There used to be fear of talking about gender differences in religious institutions. Now they are organizing conferences about coming out even in the high yeshivas. Nadav Schwartz on pride and religion
# Nadav Schwartz
When one talks of the link between the religious community and the LGBTQ community, one should remember one thing: Things take time. And that's hard, especially when there are such fast-paced dramatic processes taking place all around us. Not a month goes by without a celebrity coming out, an amendment proposal, a court ruling in favor of the community, etc.
But as we get to the delicate and charged encounter between religion and LGBTQ, sometimes it feels like coming to a screeching halt. People from the religious camp sometimes say: Well, there's nothing we can do. Judaism can not change "according to every man's pleasure". If we add some of the statements by leaders and rabbis of the religious public, we might see a rather gloomy picture.
Indeed there are LGBTQ teens and even adults who cannot hold this conflict and decide to leave religion. Such a decision is not necessarily the result of adopting a secular ideology. These young people are often given the message by society that they must choose: self definition or religious faith. On the other hand, there are those who choose to remain in the closet, which becomes a kind of golden cage. They receive the approval of their surroundings that "they are OK", since they no longer threaten the public and the communal way of life.
These processes are complex, but I believe they only constitute one side of the story. Below the surface, the iceberg is actually moving, and we, the activists in the religious LGBTQ community, are finally able to identify these movements.
As a religious person, I believe I should not be judged by society, but by God alone. It is our sages of old who said: Do not judge your fellow until you have stood in his place. When a media delegation visited at my house, one of them said that she does not judge us, she "feels sorry for us". I told her: We don't need your pity, we need acceptance and inclusion. I said that we live a good life among our own and that we have built ourselves a strong and supportive community. I concluded by emphasizing that the question the religious community must ask itself is whether it wishes to excommunicate people, or to learn how to include them.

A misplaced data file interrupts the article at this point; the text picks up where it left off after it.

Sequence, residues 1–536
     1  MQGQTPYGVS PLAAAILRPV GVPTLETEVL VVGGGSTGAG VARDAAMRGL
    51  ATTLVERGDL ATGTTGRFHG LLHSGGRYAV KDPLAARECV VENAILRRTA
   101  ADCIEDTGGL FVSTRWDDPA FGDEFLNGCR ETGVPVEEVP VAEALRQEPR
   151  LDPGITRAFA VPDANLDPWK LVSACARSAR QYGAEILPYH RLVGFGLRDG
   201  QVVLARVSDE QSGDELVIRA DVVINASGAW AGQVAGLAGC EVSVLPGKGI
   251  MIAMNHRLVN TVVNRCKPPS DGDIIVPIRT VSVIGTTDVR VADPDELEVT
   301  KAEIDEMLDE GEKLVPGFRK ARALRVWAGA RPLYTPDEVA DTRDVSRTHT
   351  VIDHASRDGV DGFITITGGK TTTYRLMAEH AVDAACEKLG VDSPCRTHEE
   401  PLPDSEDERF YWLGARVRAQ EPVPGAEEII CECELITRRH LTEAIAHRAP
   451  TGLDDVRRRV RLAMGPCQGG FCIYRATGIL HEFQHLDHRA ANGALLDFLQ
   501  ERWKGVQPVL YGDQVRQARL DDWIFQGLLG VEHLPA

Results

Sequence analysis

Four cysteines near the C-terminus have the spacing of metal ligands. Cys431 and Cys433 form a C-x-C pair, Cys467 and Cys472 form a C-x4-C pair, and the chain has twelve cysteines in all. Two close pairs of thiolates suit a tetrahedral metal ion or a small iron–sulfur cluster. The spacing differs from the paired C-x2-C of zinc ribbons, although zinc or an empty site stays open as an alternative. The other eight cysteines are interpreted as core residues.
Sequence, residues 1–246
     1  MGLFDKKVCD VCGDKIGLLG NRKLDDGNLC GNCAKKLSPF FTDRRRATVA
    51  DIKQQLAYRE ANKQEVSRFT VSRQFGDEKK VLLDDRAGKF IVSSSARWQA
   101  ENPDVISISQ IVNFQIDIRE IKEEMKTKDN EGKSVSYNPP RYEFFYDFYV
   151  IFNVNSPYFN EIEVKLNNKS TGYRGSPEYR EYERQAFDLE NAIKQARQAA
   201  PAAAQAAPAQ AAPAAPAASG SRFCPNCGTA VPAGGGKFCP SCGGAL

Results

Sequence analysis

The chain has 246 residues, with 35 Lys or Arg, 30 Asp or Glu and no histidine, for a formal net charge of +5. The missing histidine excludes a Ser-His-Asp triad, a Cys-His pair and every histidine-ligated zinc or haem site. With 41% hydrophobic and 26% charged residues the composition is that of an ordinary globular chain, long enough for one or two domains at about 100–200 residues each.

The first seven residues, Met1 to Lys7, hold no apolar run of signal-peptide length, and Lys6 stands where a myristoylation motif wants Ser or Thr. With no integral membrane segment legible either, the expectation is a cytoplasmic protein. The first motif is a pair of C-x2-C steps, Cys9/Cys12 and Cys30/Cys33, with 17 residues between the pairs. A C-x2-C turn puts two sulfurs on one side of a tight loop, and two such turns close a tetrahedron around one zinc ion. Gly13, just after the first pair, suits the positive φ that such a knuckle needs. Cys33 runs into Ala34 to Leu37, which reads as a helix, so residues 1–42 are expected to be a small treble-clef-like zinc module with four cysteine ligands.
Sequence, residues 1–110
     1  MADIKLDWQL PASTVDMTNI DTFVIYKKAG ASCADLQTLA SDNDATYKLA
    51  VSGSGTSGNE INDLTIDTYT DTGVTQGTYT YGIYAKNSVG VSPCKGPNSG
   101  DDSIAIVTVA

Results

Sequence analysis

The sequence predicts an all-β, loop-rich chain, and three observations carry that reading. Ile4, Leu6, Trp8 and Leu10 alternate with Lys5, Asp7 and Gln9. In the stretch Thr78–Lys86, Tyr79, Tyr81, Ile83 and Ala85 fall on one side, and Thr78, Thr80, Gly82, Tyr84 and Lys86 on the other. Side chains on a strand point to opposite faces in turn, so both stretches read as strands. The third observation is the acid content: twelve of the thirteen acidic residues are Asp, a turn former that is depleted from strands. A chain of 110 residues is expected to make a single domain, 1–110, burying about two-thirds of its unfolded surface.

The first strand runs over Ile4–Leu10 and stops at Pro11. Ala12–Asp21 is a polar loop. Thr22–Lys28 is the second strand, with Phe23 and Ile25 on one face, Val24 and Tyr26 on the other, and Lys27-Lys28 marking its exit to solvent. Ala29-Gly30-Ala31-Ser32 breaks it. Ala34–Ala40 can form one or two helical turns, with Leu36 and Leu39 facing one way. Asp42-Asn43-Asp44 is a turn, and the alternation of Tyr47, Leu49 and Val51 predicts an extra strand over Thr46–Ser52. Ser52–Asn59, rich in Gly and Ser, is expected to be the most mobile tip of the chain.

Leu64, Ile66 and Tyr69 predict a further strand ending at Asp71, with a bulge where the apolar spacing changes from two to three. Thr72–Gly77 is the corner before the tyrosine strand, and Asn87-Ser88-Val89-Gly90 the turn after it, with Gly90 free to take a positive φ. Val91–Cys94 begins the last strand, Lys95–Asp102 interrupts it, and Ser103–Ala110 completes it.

Religious Zionism has always prided itself on the ability to connect between worlds, and to be accessible even for those who do not necessarily define themselves as belonging to it. There are rabbis and educators who understand this, who know that before anything else, there is always the need for "the right hand to draw near". These days more and more religious educational institutions who request guidance on the topic of gender identity approach me. A couple of weeks ago I received such a request from a yeshiva which has been avoiding the pedagogical discussion of the topic for years. Until now, they refused to consider the possibility of a conversation with the staff, but now, especially after several yeshiva students came out, they decided to try to look deeper into what it is they can do.
These requests come from those who represent the religious society that does not remain in the ivory tower and does not look at things only in terms of black and white. They are able to see their male and female students, their sons and daughters, siblings, friends and neighbors, as human beings, not as strangers. Not as "those you hear about", but as whole human beings.
And they can no longer ignore them.
So they are slowly beginning to ask, How can we help? Not to pity, to help! The Ministry of Education, including its religious departments, holds conferences for educational staff whose titles changed from "How will we cope with the phenomenon?" to "How we can help our students with gender and sexual differences".
In the past, when I came to a conference on gender differences in a religious institutions, I would often be implored not to talk about it "outside", God forbid that people knew. Now they hang up signs with big letters outside the building, and invite the general public. True, there is still much work to do, but there is a feeling of moving towards egalitarian inclusion and acceptance for all of us.
* Nadav Schwartz is Coordinator of Community and Education at the The Jerusalem Open House for Pride and Tolerance, and an activist in the religious LGBTQ community.